Stable isotope dating
Stable isotopes have helped uncover migratory routes, trophic levels, and the geographic origin of migratory animals.
They can be used on land as well as in the ocean and have revolutionized how researchers study animal movement.
Most elements exist in two or more forms, known as isotopes.
Isotopes have the same number of protons but differ in their number of neutrons, resulting in different masses. Determination of the migratory dynamics of the sooty shearwater in the Pacific using stable carbon and nitrogen isotope analyses. Carbon isotope ratio of feathers reveals feeding behaviour of cormorants.
The lighter form is generally the more common one (Hobson & Wassenaar 2008). Marine Ecology Progress Series 158, 249-246 (1997).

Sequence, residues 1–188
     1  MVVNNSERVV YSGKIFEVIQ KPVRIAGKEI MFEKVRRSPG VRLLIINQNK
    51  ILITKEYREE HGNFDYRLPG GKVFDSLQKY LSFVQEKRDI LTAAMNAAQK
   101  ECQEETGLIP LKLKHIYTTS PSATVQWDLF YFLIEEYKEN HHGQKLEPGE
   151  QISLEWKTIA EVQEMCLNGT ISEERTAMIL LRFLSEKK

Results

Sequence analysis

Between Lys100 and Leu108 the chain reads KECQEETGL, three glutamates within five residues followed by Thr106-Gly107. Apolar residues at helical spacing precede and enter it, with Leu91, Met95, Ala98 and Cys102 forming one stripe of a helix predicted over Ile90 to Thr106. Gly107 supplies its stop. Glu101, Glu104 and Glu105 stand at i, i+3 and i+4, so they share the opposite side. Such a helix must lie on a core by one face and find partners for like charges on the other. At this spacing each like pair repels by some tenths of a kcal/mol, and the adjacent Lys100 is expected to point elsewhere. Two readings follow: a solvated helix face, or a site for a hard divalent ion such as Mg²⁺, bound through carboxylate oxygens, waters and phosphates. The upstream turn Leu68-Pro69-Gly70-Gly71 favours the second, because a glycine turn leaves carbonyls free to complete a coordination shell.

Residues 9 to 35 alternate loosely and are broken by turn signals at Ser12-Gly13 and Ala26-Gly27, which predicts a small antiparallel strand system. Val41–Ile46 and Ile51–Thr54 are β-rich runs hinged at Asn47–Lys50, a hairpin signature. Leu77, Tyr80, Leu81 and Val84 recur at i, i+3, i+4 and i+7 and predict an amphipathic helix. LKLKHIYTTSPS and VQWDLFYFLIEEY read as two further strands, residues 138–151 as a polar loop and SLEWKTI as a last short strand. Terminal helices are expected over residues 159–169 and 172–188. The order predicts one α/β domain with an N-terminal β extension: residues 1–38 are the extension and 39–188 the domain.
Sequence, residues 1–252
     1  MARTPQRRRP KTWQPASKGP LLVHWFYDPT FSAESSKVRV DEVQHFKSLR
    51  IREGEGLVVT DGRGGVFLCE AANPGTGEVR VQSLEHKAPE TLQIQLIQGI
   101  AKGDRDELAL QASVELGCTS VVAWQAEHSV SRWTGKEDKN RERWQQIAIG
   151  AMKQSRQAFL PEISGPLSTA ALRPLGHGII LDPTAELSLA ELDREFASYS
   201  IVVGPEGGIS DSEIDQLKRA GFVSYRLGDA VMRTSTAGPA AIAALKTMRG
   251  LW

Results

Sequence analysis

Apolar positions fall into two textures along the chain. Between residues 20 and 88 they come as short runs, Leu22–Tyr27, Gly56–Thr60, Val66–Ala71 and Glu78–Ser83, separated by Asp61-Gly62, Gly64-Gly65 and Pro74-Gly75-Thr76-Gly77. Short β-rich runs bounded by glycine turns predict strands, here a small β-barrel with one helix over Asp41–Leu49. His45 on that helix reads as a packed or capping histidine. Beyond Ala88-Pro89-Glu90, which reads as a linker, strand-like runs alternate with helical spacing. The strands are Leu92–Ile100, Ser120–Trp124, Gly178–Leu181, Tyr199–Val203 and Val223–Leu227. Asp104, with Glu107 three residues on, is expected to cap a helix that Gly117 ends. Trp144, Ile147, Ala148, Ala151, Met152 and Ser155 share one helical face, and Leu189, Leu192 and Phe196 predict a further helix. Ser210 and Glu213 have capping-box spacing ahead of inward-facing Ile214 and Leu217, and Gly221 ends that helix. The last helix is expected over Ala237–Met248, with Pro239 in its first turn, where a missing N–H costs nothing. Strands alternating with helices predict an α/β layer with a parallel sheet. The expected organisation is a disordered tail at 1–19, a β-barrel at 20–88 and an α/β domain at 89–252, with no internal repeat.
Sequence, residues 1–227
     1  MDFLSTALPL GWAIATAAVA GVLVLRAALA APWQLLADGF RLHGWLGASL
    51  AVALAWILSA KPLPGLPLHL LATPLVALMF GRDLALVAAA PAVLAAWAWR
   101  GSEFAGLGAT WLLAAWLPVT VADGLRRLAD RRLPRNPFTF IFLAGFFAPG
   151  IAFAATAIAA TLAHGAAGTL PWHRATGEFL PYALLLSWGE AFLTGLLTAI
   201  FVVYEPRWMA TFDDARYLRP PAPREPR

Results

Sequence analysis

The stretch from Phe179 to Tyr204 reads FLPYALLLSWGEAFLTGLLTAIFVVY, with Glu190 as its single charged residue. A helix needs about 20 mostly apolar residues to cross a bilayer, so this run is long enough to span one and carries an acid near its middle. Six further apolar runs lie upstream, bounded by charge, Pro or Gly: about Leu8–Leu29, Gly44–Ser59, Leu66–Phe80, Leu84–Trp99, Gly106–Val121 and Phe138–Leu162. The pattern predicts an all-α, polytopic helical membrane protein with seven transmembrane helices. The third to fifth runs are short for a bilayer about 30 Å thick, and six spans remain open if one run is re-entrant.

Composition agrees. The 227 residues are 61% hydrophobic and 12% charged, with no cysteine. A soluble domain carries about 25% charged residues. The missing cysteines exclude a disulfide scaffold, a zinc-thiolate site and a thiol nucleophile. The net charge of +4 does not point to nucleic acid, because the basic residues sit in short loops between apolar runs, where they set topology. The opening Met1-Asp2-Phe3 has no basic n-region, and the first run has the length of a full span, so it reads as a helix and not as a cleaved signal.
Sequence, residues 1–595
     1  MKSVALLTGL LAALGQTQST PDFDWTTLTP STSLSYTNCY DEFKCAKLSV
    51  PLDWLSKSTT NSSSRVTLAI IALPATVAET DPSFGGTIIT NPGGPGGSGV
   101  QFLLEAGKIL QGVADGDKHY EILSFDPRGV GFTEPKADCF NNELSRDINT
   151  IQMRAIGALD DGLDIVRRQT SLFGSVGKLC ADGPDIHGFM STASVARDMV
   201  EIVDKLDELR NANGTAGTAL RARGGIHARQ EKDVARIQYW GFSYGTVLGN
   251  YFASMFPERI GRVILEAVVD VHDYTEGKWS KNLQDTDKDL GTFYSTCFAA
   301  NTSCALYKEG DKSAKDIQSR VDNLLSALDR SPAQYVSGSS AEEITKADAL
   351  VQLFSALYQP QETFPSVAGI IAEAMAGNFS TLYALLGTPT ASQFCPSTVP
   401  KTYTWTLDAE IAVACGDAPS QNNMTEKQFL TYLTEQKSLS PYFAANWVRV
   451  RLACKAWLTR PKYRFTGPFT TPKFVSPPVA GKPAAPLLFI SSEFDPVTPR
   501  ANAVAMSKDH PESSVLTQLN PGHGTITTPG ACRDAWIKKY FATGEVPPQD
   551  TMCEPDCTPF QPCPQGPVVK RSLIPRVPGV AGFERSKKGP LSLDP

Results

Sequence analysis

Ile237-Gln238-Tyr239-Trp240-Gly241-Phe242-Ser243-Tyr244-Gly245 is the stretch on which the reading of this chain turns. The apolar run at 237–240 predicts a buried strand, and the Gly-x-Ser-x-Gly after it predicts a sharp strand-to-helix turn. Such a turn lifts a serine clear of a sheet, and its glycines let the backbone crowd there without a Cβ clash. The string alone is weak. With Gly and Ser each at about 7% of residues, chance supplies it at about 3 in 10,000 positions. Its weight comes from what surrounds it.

These values are calculated as follows: δ X = [(RC contains 6 protons, 6 electrons, and 7 neutrons. Estuarine, Costal and Shelf Science 16, 345-349 (1983). Therefore, an increase in the δ values denotes an increase in the amount of the heavier isotope component; while a decrease in the values denotes a decrease in the heavy isotope content (Peterson & Fry 1987). Stable isotope analysis is based on the principle ‘you are what you eat.' Stable isotope ratios vary among food webs and are incorporated into an animal's tissue via its diet (Hobson 1999). Migrations of California gray whales tracked by oxygen-18 variation in their epizoic barnacles. It is thus sometimes possible to infer the whereabouts of an animal moving between food webs. It is important, however, to choose the appropriate tissue for isotopic analysis, as tissues differ in how metabolically active they are (Rubenstein & Hobson 2004).